We’ve taken the first step,” said Vicente Del Bosque after Spain returned to competitive football with a 5-1 victory over Macedonia to start their defence of the European Championship they won in 2012 and 2008. The coach described this as a “new era”, but the new Spain looked quite like the old Spain – the successful one.

Following a disastrous World Cup, the aim is not so much to reinvent themselves as to re-find themselves.

The Macedonia game, at Levante’s Ciutat de Valencia stadium, was a decent start. “Spain recover their style and their belief,” ran the headline on the front page of sports daily AS the following morning, while Marca welcomed “the Spain we want”.

Brazil 2014 was always likely to be the end for the most successful generation in Spain’s history – the most successful generation in international history, in fact. The hope had been that they would bow out in triumph, with a fourth consecutive title – and in a country that carries a special footballing attraction. Instead, the world champions were the first team knocked out. Beaten by Holland and Chile, it was over almost before it had started; the game still to play, against Australia, rendered meaningless.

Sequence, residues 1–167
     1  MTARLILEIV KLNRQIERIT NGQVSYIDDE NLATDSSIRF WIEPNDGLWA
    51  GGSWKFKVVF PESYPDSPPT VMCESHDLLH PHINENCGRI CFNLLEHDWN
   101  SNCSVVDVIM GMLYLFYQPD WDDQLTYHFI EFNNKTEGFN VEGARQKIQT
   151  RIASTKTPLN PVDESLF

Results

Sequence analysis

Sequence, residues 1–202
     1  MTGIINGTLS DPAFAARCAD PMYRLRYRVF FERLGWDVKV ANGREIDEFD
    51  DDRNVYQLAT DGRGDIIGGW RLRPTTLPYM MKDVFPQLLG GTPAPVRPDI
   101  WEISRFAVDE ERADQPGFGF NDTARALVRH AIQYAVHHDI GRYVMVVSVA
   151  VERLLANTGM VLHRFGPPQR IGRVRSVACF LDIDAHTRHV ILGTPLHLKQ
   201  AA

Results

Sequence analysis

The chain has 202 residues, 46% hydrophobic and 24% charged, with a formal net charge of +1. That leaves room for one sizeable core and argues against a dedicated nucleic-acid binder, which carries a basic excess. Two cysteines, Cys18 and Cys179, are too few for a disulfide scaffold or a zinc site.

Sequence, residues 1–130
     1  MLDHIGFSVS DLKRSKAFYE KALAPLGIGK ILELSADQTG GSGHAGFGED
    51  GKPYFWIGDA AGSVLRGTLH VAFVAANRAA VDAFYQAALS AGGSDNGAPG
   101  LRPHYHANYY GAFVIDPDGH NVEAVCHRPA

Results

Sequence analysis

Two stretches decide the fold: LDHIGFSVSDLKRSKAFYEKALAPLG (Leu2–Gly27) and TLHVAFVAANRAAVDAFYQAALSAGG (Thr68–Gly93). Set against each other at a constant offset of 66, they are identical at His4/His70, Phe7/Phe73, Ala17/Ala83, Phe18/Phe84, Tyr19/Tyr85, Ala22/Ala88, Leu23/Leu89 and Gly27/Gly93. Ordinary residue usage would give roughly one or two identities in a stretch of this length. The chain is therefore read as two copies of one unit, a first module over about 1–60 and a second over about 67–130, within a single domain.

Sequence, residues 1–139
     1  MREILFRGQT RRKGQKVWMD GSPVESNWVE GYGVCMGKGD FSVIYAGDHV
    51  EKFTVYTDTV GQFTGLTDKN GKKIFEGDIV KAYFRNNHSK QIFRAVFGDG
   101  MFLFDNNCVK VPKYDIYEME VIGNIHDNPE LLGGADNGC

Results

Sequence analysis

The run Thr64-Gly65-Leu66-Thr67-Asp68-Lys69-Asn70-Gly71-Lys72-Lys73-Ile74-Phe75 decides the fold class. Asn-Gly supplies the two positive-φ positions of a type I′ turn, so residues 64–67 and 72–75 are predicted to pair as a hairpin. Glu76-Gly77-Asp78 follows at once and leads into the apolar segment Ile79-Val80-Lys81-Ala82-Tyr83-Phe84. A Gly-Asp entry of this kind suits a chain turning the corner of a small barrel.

They won that 3-0 and left for home. Trudging off the Arena da Baixada in Curitiba with their heads down, few of the players spoke and many would not be back again. They knew this was the end.

David Villa scored the opening goal and left in tears. He had been annoyed to be taken off early, with Del Bosque later admitting he had not been aware of the significance of the match for Spain’s all-time top scorer. It was fitting Villa should go with a goal and, despite his irritation, there were words of gratitude afterwards. He did not announce his international retirement but accepted the time had probably come.

And he was not the only one. Xavi did not speak; he had been a silent presence throughout the tournament. It was not the way he would have wanted to go. Perhaps the most important player in Spain’s international history, he spent his final game on the bench. At the end he headed straight down the tunnel, not looking back. He soon announced his retirement.

Xavi’s importance could be seen in the overwhelming response from team-mates as Xabi Alonso followed suit. They took the option to go, while others quietly had the decision taken for them.

When Del Bosque named his squad for Spain’s first games since the World Cup – a friendly in Paris and the Macedonia qualifier – there was no Xavi, Alonso, Villa or Fernando Torres. Between them, they had 454 caps. Reserve goalkeeper Pepe Reina, who had won 33 caps, was also omitted.

In all, eight of the Brazil squad were left out and some won’t be back. Gerard Pique, struggling for fitness, asked not to be called up. Javi Martinez was injured too but will certainly return. Andres Iniesta was included but later pulled out with an injury.